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The United States continues to be plagued by near-record levels of vehicle thefts, according to a new report released by the National Insurance Crime Bureau, the insurance industry’s not-for-profit association dedicated to preventing insurance crime. The report showed that nearly 500,000 vehicles were reported stolen nationwide in the first half of 2023, marking an increase of more than two percent compared to the first half of 2022. Illinois represented the largest increase in vehicle thefts of any state at 38 percent, followed by New York with a 20 percent increase and Ohio with a 15 percent increase over the first half of 2022. The report was released to coincide with National Crime Prevention Month, which shines a spotlight on crime prevention and personal safety every October.

“Vehicle thefts increased to near-record highs in the United States last year, and unfortunately, current trends indicate total thefts this year may surpass 2022,” said NICB President and CEO David Glawe. “With little deterrent to stop these criminal actors, law enforcement agencies and communities will continue to suffer.”

Analyzing data from the National Crime Information Center, NICB’s report showed that between January and July 2023, vehicle thefts totaled more than 80,000 thefts per month and peaked in May with 87,993 vehicles reported stolen to law enforcement.

In September, sales into large rental, commercial, and government fleets increased compared to the previous year. According to a Cox Automotive analysis of Bobit data, there was a 26.0% rise in sales to large fleets (excluding dealer and manufacturer fleets) in September, with 154,400 units sold. Sales to rental fleets saw a 52.8% increase, while sales to government fleets rose by 37.7%, and sales to commercial fleets increased by 6.6%.

According to Cox Automotive Senior Economist Charlie Chesbrough, “The success of the new-vehicle market this year and the increase in our full-year forecast is mainly due to the return of fleet sales.”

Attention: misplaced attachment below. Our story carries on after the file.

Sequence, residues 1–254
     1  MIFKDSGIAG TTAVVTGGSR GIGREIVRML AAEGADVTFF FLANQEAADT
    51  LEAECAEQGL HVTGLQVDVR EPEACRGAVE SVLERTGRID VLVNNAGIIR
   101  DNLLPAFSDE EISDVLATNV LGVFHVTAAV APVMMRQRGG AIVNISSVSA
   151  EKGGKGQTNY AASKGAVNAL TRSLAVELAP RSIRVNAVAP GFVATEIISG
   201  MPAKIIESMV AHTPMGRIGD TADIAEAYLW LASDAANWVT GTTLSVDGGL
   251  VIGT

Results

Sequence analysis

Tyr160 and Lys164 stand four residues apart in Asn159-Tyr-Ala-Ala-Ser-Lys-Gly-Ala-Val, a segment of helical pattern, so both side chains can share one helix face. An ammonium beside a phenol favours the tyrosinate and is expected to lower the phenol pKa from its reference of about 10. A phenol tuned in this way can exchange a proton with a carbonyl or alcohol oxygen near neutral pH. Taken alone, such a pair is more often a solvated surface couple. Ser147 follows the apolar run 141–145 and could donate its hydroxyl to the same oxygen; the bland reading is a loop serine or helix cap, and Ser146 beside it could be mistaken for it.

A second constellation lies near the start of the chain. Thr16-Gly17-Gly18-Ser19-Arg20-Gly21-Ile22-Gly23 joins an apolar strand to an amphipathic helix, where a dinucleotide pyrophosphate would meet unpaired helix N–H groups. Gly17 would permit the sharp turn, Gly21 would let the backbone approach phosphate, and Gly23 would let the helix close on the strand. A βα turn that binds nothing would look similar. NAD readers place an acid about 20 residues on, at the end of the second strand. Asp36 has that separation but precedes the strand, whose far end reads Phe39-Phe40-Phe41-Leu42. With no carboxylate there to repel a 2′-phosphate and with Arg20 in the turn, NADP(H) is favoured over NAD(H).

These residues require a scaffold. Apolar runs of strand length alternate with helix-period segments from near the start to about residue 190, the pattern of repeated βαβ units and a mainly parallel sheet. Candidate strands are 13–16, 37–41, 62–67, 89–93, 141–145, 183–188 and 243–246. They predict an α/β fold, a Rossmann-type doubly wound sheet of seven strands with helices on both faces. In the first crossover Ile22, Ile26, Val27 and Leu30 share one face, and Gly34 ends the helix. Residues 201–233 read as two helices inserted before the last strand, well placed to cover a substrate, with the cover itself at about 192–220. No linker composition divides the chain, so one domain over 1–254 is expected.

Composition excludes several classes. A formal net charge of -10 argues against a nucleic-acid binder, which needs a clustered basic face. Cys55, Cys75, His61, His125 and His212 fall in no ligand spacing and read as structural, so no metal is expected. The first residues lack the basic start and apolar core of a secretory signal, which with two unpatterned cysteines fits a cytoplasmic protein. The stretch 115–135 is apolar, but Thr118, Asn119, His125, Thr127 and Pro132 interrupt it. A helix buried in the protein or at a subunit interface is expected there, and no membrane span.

In consecutive months, General Motors had the largest increase in sales into fleet of large-volume automakers in September, and Ford had the largest decrease. 

Including an estimate for fleet deliveries into dealer and manufacturer channels, the remaining retail sales were estimated to be up 17.7%, leading to a retail seasonally adjusted annual rate (SAAR) of 12.9 million, up 1.1 million from last year’s 11.8 million pace and down 0.3 million from last month’s 12.6 million pace. The fleet market share was estimated to be 13.8% in September, a gain of 0.6% over last year’s share but a 1.8% decrease from August’s 15.6% market share.

Overall, through the end of Q3, sales into fleet channels are up 38.8% year to date. The improvement is affected by significant year-to-date increases in rental and government fleet sales – up 71.7% and 43.6%, respectively. 

“Pent-up rental and commercial demand, rather than consumer demand, is particularly key to the new-vehicle market’s success,” Chesbrough noted. “In the early stages of the post-COVID market, manufacturers prioritized keeping products available for dealerships, leading to fewer new vehicles sold for rental and commercial purposes. However, as vehicle production began to recover last year, fleet sales have continued to rise.”

Kia America’s Percy Vaughn is the National Association of Minority Automobile Dealers 2023 Distinguished Service award winner. The annual award recognizing an individual who advocates for diversity and inclusion in all aspects of the automotive industry will be presented tonight during NAMAD’s annual conference in Miami.

“This award recognizes an individual’s dedication to advocating for full inclusion of all ethnic minorities in all aspects of the automotive industry,” said Damon Lester, vice chairman of NAMAD. “Percy’s tenure with Kia in consistently moving the needle to increase its Minority Dealer Network is a testament to his hard work and dedication.”

Vaughn, who joined Kia in 1995 and opened the company’s Southern Region office, oversees Kia’s Southern Region operations which comprises 48 Kia team members and 211 Kia dealers. Accounting for nearly 30% of Kia’s total sales in 2023, the Southern Region is Kia’s number one volume region in the U.S.